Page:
Here’s where you can find the whole album.

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12 Days of Emmanuel (Day 1)

12 years ago my wife and I did something kind of crazy, but really fun! After Sarah performed a Christmas concert for a small local church, I urged her to record this simple album–mostly just piano and vocals. Sarah laid down 12 tracks (and added two previous tracks) in about 3 days at a Studio A recording studio. It was a mini-marathon of music!

Then we got even crazier! We gave away 800 digital copies of the album, Emmanuel–for free! Back when this was released, CD’s were really common, and online music was just beginning to surge, so we used Facebook, Noisetrade, and yes, even mySpace!

In honor of the 12 year anniversary of the release of Emmanuel, we are giving you the Twelve Days of Emmanuel. In each daily post I will share a little something about one song (now through December 26).

So, in this season where we are so busy, here’s your invitation stop, listen and repeat.

Day one is “Good Christian Men Rejoice!” (Spotify). The tune is officially called, IN DULCI JUBILO, a folk song with a lively spirit.

Why should we rejoice? This song gives us some of reasons: we hear of endless bliss, no longer fearing the grave, and more. What parts of the gospel do you hear?

Here’s where you can find the whole album.

Rejoice, for God has come. He is Emmanuel!

Tim

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What piques your interest?

I’m thinking about resuming blogging.  It’s been four years since my last post.

What would you like to read about on this blog?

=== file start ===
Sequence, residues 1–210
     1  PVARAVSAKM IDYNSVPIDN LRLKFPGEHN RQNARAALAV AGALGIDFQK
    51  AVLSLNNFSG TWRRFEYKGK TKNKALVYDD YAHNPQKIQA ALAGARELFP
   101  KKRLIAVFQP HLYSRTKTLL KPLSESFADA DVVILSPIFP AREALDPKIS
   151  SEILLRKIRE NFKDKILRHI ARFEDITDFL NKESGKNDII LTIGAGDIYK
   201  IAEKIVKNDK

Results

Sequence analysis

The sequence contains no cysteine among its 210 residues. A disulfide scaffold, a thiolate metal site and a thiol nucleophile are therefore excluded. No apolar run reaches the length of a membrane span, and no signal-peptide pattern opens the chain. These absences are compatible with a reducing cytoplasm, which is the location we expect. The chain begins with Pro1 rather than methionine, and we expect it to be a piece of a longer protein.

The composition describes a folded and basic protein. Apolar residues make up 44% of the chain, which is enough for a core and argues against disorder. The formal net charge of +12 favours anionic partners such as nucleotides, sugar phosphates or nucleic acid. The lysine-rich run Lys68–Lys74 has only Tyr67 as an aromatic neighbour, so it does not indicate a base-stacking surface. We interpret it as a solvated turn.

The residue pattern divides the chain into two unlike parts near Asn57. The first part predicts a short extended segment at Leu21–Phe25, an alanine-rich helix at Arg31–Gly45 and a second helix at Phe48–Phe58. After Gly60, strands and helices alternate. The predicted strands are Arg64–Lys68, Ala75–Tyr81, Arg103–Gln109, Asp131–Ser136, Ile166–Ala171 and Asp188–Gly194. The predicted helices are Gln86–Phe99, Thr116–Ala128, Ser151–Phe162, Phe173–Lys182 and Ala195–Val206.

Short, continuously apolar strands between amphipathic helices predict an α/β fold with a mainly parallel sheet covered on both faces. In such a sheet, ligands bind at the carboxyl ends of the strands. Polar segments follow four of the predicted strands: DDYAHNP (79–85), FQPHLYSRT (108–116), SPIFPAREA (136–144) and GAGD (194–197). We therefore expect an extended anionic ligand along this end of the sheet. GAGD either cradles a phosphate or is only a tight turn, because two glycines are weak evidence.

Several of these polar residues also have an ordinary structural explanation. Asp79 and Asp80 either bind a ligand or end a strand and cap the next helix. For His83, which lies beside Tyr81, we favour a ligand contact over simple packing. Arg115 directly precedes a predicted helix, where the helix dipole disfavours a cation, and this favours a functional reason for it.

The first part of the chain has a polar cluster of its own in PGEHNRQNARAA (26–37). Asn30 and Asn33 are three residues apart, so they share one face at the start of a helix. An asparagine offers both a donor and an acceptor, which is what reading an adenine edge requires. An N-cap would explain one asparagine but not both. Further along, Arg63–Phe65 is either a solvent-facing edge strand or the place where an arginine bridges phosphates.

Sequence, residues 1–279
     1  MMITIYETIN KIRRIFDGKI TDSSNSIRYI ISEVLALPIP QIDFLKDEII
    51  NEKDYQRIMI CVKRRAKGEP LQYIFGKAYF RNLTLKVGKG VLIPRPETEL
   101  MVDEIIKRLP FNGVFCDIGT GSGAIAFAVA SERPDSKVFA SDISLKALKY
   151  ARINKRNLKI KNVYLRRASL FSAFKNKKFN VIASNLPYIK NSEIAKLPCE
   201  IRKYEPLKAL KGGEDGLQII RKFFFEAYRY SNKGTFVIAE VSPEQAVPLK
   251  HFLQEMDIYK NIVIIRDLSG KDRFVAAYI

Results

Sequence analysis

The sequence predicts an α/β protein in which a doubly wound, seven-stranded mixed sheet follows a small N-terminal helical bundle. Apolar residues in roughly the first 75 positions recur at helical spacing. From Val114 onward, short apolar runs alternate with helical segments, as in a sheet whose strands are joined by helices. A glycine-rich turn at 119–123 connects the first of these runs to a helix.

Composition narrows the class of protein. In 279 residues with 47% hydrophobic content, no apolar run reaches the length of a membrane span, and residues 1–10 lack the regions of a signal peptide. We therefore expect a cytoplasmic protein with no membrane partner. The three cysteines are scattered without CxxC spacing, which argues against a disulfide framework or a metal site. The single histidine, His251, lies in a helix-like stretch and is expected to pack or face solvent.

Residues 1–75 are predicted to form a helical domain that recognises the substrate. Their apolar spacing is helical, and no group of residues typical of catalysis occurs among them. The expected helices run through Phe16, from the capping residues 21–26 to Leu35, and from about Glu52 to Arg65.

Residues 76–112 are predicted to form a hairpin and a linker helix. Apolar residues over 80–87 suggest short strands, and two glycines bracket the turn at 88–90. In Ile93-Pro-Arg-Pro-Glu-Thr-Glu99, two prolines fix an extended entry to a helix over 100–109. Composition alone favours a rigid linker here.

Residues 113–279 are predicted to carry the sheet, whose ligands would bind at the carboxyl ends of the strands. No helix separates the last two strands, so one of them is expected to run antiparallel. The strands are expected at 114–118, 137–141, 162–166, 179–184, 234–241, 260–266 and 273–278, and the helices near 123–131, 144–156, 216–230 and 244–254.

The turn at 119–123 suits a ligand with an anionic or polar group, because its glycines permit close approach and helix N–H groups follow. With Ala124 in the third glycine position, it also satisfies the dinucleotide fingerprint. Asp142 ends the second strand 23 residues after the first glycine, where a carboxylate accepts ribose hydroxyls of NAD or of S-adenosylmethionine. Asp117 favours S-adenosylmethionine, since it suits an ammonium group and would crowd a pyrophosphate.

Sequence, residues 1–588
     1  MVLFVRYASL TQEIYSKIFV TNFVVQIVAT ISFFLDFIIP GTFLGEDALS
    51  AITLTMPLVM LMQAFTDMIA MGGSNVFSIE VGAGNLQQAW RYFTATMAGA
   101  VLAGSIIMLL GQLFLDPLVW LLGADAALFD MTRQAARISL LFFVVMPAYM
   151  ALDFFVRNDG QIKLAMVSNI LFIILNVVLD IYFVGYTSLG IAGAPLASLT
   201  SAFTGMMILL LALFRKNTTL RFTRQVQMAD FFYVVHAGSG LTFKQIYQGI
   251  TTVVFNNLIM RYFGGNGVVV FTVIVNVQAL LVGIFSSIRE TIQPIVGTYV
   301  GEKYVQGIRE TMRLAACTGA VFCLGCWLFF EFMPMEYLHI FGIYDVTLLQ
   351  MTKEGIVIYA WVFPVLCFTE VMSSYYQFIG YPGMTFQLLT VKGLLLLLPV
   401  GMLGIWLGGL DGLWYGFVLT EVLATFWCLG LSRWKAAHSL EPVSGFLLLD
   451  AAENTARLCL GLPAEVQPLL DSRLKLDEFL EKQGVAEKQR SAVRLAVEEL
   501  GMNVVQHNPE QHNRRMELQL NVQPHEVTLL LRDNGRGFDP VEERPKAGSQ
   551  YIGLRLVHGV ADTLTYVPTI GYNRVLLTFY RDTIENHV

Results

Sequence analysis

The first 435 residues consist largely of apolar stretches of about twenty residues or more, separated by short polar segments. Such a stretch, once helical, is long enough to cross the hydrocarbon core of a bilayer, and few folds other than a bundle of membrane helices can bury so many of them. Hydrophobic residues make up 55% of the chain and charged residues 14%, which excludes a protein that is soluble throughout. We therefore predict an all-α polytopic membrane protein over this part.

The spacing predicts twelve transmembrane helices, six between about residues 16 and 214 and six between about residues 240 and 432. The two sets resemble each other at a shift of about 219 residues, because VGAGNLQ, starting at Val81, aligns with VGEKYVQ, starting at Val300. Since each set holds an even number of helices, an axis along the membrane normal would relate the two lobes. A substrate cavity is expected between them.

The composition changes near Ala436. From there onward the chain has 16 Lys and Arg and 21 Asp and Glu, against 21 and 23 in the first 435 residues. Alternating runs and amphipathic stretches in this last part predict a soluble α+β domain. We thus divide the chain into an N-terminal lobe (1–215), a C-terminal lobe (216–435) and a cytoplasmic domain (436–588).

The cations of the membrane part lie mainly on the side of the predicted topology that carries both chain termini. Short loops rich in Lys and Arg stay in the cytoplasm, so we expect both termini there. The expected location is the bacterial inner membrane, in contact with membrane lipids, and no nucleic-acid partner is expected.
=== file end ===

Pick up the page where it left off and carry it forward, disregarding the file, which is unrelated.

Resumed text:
Maybe you can inspire me!  I invite you to try.  I’m looking forward to hearing from you.

Best,

Tim

PS.  The verb to pique means to excite one’s interest.

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The Busy Church

It has been a while since I have posted on my blog, but I read this from Ken Priddy today. I think it is very challenging. I’ll be back to the blogging thing soon, with lots of thoughts and updates, but for now, check this out.

gcmatrix

Over the years I have learned that one of the biggest obstacles to Great Commission ministry is church work  – church busy work. Many Christians and their leaders are so busy filling slots in the church’s programming and structure that they can’t find the time to do the REAL work of ministry – reaching the lost with the Gospel of Jesus Christ.

The vast majority of American evangelical churches is in plateau or decline. Characteristically, the church in plateau is over-programmed and the church in decline is over-structured. Churches in plateau tend to be driven by their programming, believing that whatever success or effectiveness they are experiencing is the result of the menu of programs that is offered. Careful observation will reveal that any growth that such a church might be experiencing is transfer growth, not conversion growth, as Christians leave churches with less appealing programming to attend theirs. The kingdom…